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Hacking : The Art of Exploitation, 2nd Edition Paperback – Feb 7 2008

4.6 out of 5 stars 25 customer reviews

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Product Details

  • Paperback: 480 pages
  • Publisher: No Starch Press; 2 edition (Feb. 7 2008)
  • Language: English
  • ISBN-10: 1593271441
  • ISBN-13: 978-1593271442
  • Product Dimensions: 17.8 x 3 x 23.5 cm
  • Shipping Weight: 862 g
  • Average Customer Review: 4.6 out of 5 stars 25 customer reviews
  • Amazon Bestsellers Rank: #6,324 in Books (See Top 100 in Books)
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Product Description

About the Author

Jon Erickson has a formal education in computer science and has been hacking and programming since he was five years old. He speaks at computer security conferences and trains security teams around the world. Currently, he works as a vulnerability researcher and security specialist in Northern California.


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Customer Reviews

4.6 out of 5 stars
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Top Customer Reviews

Format: Paperback Verified Purchase
Definitely not for beginners. While the first 19 pages do a decent job of teaching the fundamentals of programming, the book then takes off at break neck speed, leaving the novice in the dust. The amount of information in this book is overwhelming.

If you know at least one high level programming language, are an expert in assembly language, and have a comprehensive knowledge about the inner workings of microprocessors, this may be the book for you. Also, if you are going to tackle the cryptography section, you are going to need to know advanced math.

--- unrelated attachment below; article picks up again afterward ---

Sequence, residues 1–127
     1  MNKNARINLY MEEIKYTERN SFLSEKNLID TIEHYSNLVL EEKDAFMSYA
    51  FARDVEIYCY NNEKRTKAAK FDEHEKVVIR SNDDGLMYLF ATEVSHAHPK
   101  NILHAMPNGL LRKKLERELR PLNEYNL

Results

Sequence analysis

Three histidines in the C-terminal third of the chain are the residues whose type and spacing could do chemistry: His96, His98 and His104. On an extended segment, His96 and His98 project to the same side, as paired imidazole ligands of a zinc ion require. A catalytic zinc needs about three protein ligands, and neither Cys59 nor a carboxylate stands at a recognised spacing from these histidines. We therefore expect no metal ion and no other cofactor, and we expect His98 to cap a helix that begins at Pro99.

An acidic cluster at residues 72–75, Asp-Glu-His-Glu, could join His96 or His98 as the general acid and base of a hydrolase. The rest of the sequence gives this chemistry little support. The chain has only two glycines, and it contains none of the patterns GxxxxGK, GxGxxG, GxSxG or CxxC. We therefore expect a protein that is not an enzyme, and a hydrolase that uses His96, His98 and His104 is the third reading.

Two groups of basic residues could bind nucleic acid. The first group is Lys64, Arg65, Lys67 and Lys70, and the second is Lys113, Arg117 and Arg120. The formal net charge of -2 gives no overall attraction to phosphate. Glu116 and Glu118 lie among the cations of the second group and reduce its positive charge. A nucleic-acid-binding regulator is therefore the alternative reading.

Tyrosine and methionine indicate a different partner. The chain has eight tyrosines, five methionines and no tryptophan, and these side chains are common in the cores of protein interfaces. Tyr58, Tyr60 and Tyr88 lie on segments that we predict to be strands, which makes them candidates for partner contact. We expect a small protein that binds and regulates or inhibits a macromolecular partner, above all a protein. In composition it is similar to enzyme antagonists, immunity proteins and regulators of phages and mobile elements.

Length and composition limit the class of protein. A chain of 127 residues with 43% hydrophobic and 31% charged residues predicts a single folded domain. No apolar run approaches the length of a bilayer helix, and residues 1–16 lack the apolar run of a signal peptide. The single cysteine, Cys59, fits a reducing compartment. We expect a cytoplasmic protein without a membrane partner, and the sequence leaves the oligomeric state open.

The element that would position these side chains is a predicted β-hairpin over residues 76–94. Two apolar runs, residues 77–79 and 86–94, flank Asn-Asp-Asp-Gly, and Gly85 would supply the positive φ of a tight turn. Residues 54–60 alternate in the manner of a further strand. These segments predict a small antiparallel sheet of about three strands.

The advertising for this book should read: for advanced users only.
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Format: Paperback
This book is 10 times greater than any other hacking book. It gives useful code and examples rather than 250 pages of theory. Stack and heap overflows are explained in detail as well as many other modern types of exploits. The best part of the book is that it teaches the reader how to write his/her own shellcode and teaches some basic Assembly language along the way. Everything you need to know to be a hacker or stop hackers.
Includes detailed explanations and code for:
buffer / stack / heap based overflows
format string vulnerabilities
writing shellcode
sniffing switched and unswitched networks
tcp / ip hijacking
denial of service
port scanning and tricking port scans of your own computer
password cracking
Man in the middle attacks
Wireless internet security / hacking
and more
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Excellent book. Explains the fundamentals quite well, and as another review mentioned, even if you know C and assembler, there are interesting tricks and insights in this book. In my opinion, different from other reviewers, this book is also a good introduction into (mid-low level) programming, although I can see how it might be a little abstract for some. I mostly write C code, and I think the basics of programming in C are very well explained in the first 115 pages. I do agree that for the beginner the information density per page can be high, but that's ok; don't panic, just take your time.

Well written book by an author who knows his stuff.
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Format: Paperback